The lockup happened again while I had access to the console, but changing sysrq-trigger didn't have any noticeable effect. When I did a tail -f of /var/log/messages that terminal window hung. After I rebooted I didn't see any unusual log messages in /var/log/messages or other log files last updated around when the machine was having problems. How much output will setting this flag produce? Is it reasonable to run a machine with the flag set for serveral days with around 5GB of space to devote to the extra logs?
Comment 4 Chuck Ebbert 2007-04-11 18:51:27 UTC
(In reply to comment #3) > How much output will setting this flag produce? Is it reasonable to run a > machine with the flag set for serveral days with around 5GB of space to devote > to the extra logs? It triggers output, once, when you write to it. If you have the kernel-doc package installed the description is in /usr/share/doc/kernel-doc-<version>/Documentation/sysrq.txt
Comment 5 Bruno Wolff III 2007-04-11 19:40:21 UTC
I tried sysrq command after the machine had been rebooted and the output ended up in the /var/log/messages file. So I probably was too late in this last case. Next time it happens, I'll try again and maybe I'll get something useful.
Comment 6 Bruno Wolff III 2007-04-28 17:38:11 UTC
It also happens with 2312. I had another hang after about 7 days of uptime. Unfortunately before I realized that the hang was starting, I could no longer login again using ssh or use su to get a root shell. So I didn't get to try the sysrq dump. I am going to be updating the machine to Fedora 7 now so I can verify that this isn't a problem there. So it will be unlikely that I will see this bug again in FC5 as I am not doing kernel updates on one machine, and the other doesn't seem to have the problem occur. (Probably a combination of it lot being loaded and frequent reboots to test raw hide installs and deal with 3d video lockups.)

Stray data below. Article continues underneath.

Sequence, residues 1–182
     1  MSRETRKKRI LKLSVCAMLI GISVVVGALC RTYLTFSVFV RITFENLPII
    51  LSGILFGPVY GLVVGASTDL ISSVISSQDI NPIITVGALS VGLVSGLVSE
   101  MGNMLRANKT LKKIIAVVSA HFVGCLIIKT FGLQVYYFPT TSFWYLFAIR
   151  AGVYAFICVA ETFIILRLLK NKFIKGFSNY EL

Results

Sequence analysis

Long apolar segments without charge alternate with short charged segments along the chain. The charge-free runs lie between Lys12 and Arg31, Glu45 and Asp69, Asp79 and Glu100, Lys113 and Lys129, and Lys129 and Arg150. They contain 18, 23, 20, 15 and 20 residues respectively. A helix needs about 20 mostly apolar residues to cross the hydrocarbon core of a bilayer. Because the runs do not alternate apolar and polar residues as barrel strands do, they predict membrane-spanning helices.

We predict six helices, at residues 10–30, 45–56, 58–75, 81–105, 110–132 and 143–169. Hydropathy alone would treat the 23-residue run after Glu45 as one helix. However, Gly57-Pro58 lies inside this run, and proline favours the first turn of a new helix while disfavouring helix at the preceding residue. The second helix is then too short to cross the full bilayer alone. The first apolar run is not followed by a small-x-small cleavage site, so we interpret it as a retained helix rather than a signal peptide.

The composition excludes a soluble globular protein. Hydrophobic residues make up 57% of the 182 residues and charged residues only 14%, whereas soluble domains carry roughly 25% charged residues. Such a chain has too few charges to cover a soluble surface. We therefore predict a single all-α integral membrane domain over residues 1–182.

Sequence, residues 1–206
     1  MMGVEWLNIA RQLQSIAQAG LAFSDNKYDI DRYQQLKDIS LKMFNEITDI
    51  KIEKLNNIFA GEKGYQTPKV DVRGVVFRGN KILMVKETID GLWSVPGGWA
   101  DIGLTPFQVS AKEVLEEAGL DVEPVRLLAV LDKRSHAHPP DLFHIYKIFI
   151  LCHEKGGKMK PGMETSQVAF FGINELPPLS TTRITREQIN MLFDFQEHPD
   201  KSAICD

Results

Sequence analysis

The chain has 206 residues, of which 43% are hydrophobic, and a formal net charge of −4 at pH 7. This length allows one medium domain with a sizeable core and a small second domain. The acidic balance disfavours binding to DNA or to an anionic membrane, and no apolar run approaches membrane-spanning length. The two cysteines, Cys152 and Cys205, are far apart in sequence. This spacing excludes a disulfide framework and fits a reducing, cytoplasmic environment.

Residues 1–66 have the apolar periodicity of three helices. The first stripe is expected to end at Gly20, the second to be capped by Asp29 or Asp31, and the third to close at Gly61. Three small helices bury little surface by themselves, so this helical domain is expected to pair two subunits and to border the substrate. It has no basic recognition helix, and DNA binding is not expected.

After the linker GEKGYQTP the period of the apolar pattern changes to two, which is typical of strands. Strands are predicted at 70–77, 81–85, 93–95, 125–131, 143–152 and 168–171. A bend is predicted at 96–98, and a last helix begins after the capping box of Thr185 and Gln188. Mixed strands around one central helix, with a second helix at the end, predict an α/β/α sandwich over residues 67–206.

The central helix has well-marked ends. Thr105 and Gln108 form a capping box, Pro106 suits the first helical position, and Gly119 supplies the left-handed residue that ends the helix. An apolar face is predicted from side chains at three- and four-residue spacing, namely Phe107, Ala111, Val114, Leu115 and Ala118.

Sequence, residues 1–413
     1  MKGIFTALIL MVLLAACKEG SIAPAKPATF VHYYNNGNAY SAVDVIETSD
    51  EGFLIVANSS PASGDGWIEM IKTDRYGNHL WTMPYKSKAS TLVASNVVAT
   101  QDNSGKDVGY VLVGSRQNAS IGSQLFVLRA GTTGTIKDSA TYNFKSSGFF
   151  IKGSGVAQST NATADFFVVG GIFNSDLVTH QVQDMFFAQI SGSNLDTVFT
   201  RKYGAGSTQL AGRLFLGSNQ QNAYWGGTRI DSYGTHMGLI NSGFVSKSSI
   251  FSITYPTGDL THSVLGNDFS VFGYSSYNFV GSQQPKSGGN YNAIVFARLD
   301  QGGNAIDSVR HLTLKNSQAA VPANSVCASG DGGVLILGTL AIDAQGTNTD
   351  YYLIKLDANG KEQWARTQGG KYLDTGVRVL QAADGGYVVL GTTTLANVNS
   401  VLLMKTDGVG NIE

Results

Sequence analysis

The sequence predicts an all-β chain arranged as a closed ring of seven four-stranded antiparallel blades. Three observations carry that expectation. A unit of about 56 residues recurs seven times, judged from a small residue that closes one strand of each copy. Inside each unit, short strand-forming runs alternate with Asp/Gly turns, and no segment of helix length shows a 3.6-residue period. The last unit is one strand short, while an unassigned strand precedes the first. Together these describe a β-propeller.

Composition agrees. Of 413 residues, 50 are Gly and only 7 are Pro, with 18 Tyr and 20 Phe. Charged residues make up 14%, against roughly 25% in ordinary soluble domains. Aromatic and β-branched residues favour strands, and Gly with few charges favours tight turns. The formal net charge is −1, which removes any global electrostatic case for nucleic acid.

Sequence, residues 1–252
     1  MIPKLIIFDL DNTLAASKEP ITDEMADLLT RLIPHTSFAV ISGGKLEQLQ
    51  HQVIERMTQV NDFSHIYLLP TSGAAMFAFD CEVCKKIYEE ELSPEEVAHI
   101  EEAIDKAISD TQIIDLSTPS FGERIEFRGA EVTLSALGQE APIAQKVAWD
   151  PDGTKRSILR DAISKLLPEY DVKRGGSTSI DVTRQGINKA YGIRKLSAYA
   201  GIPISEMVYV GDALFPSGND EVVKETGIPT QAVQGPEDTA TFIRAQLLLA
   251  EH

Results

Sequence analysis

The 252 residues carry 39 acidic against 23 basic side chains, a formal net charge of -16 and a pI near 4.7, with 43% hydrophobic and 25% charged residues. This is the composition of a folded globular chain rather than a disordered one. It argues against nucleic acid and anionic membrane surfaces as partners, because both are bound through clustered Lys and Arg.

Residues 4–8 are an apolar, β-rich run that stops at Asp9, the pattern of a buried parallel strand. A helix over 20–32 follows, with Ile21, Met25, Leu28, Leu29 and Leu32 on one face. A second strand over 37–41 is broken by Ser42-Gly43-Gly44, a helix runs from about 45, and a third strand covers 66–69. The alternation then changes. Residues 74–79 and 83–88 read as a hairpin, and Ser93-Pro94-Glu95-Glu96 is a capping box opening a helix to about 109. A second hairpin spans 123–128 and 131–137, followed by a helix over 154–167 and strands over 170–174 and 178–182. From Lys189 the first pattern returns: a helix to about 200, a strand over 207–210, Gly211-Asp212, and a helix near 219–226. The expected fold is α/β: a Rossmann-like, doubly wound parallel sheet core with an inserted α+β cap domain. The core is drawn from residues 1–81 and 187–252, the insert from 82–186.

Comment 7 Chuck Ebbert 2007-04-30 22:55:06 UTC
With access to the console, alt-sysrq-t (hold down alt and sysrq, then hit T while holding them) will also give trace output. But you need to do "echo 1 >/proc/sys/kernel/sysrq" first, so putting that in /etc/rc.local is necessary.
Comment 8 Bruno Wolff III 2007-05-01 14:43:08 UTC
I might be able to give this a try. My upgrade to f7 crashed before starting the install, so I am probably going to need to do a fresh install. That combined with seeing some kernel bug messages from a test f7 over the weekend makes me nervous about rushing that upgrade. I set /proc/sys/kernel/sysrq and tested that it works. I also put kernel.sysrq = 1 in /etc/sysctl.conf so it will be set after a reboot.
Comment 9 Bruno Wolff III 2007-05-13 20:31:06 UTC